For seminal feminist artist and Detroit-native Suzy Lake, a solo show of her recent work at the University of Michigan Stamps Gallery represents a homecoming of sorts. Lake was born and raised in Detroit and studied at Wayne State University before emigrating to Montreal in the late 1960s as a self-proclaimed “draft-dodger.” In subsequent years, the work she began in Detroit unfolded into an influential career as one of the pioneering female artists in Canada to incorporate performance, video, and photography to explore the politics of gender, the body, and identity into her political and personal art.
It is fitting, then, that one of the bodies of Lake’s work on display at the Stamps Gallery—newly under the direction of curator and writer Srimoyee Mitra, who also came to Michigan from Canada (and prior to that, Mumbai)—deals directly with her Detroit roots, and features the artist literally tracing her family’s history in the city. Performing an Archive (2014/2016) is, as it sounds, a series of photographs and research that documents all the residences held by members of Lake’s family, going back generations in Detroit to the late 1890s, and the artist’s efforts to find and reconnect with them in their present-day state.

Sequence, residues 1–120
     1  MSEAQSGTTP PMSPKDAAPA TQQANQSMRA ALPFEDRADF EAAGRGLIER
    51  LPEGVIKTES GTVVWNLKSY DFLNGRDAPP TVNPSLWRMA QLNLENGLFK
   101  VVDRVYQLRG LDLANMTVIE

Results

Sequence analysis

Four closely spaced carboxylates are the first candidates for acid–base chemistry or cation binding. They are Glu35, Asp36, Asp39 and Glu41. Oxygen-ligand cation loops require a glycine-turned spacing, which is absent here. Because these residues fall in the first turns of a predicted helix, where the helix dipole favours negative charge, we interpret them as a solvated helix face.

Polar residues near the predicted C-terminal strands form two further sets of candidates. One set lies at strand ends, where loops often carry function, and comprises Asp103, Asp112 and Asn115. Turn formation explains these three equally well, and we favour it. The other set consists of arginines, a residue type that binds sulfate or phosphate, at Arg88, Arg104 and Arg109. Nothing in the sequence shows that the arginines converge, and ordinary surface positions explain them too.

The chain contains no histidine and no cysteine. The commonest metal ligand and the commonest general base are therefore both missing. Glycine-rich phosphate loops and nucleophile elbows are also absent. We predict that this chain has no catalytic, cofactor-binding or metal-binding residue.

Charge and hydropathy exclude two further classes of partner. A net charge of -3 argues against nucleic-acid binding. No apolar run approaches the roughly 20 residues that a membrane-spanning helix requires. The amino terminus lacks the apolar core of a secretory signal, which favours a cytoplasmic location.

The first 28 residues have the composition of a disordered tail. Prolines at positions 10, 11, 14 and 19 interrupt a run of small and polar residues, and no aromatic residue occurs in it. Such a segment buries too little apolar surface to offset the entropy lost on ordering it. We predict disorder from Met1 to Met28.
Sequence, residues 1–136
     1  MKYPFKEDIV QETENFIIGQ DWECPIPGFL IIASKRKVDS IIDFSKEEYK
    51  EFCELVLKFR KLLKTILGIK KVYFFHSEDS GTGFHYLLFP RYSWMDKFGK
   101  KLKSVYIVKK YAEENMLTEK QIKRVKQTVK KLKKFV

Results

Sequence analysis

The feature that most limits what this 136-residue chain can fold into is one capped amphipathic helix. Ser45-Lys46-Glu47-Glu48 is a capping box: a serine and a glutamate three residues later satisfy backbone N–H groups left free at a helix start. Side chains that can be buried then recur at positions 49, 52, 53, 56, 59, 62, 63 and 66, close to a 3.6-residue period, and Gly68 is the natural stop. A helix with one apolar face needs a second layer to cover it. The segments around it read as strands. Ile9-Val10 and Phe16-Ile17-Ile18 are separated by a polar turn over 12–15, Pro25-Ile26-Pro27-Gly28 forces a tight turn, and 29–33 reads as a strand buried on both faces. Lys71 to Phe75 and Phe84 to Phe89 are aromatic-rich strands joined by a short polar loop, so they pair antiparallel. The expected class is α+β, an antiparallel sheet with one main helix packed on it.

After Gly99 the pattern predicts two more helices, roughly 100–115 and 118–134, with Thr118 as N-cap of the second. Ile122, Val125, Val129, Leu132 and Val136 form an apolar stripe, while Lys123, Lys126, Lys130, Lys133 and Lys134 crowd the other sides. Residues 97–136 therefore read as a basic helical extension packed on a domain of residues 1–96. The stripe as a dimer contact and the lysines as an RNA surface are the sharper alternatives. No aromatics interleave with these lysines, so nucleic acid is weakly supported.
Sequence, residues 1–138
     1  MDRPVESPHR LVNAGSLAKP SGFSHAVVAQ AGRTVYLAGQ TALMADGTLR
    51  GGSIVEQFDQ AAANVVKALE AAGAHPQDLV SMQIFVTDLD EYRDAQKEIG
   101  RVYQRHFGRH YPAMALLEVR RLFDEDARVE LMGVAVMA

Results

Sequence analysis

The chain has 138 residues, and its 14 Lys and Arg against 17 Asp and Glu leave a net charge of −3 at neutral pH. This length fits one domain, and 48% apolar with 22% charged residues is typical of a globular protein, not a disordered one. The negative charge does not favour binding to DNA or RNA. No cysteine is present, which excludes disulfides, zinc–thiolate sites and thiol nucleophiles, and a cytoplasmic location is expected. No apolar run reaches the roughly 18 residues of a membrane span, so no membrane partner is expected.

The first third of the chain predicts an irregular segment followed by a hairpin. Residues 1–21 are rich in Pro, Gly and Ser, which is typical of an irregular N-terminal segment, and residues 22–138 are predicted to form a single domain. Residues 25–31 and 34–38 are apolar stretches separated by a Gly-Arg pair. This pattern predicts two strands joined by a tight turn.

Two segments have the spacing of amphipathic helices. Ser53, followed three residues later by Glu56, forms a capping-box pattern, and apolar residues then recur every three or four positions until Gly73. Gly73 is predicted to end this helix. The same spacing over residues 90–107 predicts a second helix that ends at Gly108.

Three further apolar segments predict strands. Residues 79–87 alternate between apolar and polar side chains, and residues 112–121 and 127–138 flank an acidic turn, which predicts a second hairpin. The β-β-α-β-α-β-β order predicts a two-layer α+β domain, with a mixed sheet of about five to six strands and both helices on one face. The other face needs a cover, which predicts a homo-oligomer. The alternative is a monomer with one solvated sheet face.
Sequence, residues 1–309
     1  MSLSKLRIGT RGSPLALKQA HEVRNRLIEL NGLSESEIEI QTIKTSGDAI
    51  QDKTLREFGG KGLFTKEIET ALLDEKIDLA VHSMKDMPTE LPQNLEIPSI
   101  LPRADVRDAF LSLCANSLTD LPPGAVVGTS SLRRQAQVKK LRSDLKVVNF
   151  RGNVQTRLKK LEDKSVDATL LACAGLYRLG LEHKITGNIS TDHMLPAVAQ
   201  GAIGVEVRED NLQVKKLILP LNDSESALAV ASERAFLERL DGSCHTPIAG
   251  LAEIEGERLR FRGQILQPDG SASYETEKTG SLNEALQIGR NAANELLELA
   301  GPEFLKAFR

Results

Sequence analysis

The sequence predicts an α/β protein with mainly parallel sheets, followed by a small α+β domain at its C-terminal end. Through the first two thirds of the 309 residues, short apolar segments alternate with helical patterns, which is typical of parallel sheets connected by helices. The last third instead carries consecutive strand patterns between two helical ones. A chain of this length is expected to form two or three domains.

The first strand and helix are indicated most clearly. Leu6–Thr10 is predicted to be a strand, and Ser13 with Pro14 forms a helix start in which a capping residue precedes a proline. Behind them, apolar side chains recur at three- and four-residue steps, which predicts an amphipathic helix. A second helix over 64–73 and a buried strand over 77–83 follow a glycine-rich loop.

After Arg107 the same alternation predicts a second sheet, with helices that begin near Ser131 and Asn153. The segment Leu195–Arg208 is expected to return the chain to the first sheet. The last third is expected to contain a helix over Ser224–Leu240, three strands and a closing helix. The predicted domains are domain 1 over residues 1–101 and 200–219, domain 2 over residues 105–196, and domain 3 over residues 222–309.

“I wanted to do something to celebrate Detroit getting on its feet,” said Lake, in a brief interview with CultureSource before the show’s opening that betrayed a trace of a Canadian accent. “Being outside Detroit, people were doing a lot of documentary work, but everyone was doing the ruin porn. And that’s not what Detroit was for me, even when I was growing up, even though the 1960s were probably Detroit’s lowest time. And so I chose to use my ancestors, who came here right after the Civil War, and traced their houses and where they lived.”